Aridhi Anderson is a theatremaker, performer and reviewer based in Melbourne. Check out her work at aridhianderson.com.
Unconventional silent stand up comedy
May Contain Traces of Reading by Mitchell E Roberts is an unusual stand up comedy show: it's full of words, yet (almost) completely silent. And in case you're wondering, an hour of watching a silent stand up comedian hold up printed jokes for his audience to read is definitely funnier than it sounds.
Mitchell E Roberts performs this show as his alter ego, Robert Mitchell, who has consciously refrained from speaking a single word since 2002. He has instead mastered the art of planning all his speech in advance, making daily trips to Officeworks to print his script for the day ahead. It's mildly inconvenient, and makes for some awkward social interactions such as when he's trying to make conversation on a date (spoiler: it's not organic). But it also gives him an edge at other times, such as when his show is interrupted by hecklers, but he has a folder full of "sick burns" ready to respond with.
In May Contain Traces of Reading, Mitchell pays tribute to a lot of classic comedy techniques and styles: he has a fun collection of knock-knock jokes, dad jokes, bad puns, impressions, and heaps more. He's got a checklist to keep himself on track, and an adjustable laughter measure to keep checking in with audience responses. His punchlines, while funny, aren't necessarily what will you blow you away in this show - the unusual delivery is what makes the show novel, rather than the content. Audience heckling - which he encourages - infuses energy into the show at several crucial points.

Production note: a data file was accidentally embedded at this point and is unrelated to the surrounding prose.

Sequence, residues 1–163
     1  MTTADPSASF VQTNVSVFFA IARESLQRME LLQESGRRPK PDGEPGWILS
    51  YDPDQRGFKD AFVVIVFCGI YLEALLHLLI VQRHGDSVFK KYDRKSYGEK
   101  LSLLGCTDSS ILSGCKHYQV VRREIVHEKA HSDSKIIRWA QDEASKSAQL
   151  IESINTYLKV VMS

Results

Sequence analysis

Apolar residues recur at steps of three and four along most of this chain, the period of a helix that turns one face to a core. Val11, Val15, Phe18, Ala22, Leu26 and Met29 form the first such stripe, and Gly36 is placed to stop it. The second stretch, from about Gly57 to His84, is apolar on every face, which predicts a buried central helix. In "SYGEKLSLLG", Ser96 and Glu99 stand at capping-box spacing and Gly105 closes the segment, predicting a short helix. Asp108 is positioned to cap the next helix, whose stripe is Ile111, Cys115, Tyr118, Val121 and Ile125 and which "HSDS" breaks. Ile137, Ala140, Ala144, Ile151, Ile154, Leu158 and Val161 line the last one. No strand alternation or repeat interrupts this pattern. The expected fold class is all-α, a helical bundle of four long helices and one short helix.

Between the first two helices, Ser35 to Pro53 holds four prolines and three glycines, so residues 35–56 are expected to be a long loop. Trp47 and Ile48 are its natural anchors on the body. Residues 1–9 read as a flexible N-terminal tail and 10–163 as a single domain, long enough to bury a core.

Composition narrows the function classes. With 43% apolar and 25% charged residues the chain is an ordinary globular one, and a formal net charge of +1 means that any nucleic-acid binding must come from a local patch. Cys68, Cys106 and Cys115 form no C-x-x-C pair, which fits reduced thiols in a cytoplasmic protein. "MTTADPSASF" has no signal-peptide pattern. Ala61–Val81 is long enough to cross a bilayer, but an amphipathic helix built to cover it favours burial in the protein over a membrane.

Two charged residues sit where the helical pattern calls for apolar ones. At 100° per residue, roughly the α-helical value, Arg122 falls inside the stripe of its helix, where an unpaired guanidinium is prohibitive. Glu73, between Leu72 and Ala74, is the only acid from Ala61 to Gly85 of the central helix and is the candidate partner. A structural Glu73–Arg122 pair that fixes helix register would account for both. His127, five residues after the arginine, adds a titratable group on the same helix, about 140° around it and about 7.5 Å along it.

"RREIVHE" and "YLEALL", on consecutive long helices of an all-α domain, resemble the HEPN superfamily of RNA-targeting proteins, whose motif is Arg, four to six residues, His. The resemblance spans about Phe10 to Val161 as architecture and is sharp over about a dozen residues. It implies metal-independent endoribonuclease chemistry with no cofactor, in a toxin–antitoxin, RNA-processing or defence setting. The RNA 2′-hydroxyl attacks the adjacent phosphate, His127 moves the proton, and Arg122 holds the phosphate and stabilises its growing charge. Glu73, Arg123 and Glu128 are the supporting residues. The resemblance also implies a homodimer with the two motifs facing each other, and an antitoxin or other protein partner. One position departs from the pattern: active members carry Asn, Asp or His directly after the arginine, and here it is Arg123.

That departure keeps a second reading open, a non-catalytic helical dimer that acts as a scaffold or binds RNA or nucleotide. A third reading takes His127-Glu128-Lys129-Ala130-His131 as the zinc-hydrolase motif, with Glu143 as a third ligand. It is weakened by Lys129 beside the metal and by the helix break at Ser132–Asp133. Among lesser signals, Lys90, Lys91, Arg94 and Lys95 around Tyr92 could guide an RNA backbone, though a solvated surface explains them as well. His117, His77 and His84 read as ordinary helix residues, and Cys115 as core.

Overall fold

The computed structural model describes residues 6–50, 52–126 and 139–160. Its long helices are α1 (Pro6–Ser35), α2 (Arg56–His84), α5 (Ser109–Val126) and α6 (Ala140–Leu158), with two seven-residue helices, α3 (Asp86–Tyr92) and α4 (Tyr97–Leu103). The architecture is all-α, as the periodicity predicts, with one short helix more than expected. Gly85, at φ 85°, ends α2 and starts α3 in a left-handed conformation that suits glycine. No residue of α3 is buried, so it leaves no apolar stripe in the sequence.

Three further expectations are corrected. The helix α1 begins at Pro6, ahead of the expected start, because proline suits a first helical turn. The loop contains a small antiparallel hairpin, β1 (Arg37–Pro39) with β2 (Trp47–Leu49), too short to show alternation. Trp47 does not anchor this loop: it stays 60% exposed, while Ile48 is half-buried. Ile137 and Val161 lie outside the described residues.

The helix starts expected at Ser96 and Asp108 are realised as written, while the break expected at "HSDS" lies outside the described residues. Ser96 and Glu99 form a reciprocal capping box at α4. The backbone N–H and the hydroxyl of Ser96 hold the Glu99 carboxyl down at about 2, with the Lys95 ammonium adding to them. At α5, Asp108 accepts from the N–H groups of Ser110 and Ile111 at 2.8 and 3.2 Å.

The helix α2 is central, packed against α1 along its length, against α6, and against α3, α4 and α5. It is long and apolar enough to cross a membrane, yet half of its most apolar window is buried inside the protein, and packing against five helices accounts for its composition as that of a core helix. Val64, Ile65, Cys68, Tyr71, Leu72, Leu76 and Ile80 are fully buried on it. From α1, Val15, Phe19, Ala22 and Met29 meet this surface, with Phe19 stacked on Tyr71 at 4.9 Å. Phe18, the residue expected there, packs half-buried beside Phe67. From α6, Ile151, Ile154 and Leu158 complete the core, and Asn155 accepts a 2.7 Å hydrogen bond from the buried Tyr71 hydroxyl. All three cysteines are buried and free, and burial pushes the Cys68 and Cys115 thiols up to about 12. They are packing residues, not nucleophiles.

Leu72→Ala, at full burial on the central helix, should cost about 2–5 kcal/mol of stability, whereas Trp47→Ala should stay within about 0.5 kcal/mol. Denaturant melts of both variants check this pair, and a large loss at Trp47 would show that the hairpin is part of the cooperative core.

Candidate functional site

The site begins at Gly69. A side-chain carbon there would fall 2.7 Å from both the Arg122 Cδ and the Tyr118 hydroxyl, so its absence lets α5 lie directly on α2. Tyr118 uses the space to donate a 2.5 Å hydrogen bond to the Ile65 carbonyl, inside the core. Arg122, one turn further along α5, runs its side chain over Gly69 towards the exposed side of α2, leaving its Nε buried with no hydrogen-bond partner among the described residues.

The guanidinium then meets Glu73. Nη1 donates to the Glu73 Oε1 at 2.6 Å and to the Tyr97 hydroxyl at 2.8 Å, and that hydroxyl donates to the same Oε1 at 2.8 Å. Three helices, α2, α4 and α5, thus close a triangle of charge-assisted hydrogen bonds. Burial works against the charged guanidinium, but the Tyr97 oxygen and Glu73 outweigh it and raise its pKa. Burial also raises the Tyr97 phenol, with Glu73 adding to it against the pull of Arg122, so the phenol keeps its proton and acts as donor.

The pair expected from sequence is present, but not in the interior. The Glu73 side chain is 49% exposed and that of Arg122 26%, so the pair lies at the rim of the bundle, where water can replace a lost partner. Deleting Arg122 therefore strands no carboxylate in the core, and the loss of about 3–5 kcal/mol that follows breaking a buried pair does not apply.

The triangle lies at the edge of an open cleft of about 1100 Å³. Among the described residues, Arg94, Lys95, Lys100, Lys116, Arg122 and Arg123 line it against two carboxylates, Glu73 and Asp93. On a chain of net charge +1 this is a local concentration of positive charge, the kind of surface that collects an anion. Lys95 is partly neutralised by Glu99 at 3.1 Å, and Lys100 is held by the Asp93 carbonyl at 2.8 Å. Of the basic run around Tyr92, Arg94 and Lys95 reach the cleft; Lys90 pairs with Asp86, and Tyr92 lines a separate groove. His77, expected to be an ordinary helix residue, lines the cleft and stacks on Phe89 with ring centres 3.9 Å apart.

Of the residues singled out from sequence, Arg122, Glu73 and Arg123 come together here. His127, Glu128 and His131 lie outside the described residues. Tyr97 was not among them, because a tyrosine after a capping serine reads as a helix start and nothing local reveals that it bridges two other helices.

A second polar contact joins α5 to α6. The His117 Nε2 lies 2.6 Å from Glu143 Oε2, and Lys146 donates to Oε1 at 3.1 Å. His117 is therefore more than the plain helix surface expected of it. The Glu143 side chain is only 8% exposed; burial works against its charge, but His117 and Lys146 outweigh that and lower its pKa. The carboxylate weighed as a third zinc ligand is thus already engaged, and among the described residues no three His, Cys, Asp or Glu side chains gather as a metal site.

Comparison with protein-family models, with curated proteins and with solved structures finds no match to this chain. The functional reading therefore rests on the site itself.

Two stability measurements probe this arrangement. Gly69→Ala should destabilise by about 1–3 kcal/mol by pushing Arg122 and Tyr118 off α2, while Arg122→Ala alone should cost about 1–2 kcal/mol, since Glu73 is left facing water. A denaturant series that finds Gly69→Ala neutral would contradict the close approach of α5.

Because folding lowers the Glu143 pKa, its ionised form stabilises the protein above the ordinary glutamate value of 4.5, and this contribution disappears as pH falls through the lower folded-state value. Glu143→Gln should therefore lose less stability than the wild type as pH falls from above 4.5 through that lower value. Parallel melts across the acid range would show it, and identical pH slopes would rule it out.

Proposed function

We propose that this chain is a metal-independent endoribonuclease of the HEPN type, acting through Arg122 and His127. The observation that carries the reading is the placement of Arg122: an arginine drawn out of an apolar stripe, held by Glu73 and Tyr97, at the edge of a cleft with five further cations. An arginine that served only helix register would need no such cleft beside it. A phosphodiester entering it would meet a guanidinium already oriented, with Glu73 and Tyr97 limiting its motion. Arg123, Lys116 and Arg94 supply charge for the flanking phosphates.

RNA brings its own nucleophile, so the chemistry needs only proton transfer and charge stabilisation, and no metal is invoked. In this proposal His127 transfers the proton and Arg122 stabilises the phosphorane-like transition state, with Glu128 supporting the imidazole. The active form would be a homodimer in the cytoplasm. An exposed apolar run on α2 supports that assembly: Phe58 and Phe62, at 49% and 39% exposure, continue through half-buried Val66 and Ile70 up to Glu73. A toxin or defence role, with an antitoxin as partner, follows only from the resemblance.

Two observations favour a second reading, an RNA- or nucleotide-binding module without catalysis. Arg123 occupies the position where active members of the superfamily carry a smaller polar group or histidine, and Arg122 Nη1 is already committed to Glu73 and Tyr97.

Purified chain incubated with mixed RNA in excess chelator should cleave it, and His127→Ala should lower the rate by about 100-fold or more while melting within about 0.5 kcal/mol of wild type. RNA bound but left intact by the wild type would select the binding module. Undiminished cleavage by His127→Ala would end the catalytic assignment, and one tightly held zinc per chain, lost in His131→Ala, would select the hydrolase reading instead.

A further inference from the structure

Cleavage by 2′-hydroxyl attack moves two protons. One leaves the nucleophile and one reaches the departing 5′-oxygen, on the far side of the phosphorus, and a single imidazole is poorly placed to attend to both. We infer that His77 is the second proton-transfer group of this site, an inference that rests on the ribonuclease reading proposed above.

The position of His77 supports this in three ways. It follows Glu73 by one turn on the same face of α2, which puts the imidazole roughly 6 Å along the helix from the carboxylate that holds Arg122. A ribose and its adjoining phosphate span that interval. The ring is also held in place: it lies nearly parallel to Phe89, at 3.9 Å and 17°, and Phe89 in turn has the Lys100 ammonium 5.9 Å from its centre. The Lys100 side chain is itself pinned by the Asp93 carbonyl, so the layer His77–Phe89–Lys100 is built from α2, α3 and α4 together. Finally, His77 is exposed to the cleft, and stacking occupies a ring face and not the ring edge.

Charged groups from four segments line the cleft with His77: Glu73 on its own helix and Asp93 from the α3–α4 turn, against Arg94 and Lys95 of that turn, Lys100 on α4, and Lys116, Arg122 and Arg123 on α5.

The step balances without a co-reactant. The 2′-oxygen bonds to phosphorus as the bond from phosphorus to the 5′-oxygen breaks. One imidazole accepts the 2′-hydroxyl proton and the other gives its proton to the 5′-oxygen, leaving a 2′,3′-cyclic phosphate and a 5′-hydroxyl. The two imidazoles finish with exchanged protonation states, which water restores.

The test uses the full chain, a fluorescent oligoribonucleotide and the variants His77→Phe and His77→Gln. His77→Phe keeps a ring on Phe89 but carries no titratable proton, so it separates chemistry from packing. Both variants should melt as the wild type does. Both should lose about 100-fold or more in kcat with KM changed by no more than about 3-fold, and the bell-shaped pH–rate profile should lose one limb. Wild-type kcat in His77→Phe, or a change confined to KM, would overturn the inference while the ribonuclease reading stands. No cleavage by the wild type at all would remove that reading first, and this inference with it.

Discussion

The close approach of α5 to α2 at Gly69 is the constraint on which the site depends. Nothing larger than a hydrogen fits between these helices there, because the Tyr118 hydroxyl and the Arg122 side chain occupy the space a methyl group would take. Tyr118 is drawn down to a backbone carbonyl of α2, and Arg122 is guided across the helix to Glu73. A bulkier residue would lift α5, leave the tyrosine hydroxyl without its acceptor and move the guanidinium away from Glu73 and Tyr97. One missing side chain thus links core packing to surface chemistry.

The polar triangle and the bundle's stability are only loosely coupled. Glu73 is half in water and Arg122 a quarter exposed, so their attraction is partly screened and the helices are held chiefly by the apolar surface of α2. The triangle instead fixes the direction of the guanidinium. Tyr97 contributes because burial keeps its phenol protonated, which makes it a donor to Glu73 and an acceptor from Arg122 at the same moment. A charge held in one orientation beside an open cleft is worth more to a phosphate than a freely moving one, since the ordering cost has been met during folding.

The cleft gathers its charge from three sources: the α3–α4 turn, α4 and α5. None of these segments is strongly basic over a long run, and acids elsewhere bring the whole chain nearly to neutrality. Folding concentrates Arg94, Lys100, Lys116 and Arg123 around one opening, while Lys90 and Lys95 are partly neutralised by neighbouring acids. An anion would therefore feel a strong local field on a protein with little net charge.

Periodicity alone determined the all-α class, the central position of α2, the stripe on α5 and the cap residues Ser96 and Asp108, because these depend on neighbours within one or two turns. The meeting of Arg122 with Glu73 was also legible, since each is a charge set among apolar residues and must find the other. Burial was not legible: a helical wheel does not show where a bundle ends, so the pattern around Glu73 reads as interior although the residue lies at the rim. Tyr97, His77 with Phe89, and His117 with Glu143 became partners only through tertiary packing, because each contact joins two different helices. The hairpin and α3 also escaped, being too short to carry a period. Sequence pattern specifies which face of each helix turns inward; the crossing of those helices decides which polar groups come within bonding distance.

The show is somewhat slow in the first half, but picks up in the second half and ends on a high note. Interestingly, Mitchell is conscious of this, and his laughter measure reflects the "funny level" of the show fairly accurately through most of it (although he does downplay it a little at times). It's hard to tell whether this is because of increased heckling in the second half, or increased audio effects - I'm inclined to say it's the latter. The first half could have benefited from more audio effects or background music; the music in the second half definitely added dimension and fullness to the show.
Mitchell is an immensely likeable performer and builds a great rapport with his audience in this unusual comedy show. You can definitely expect to have some very genuine laughs in this silly, somewhat formulaic, yet entertaining hour of printed script comedy.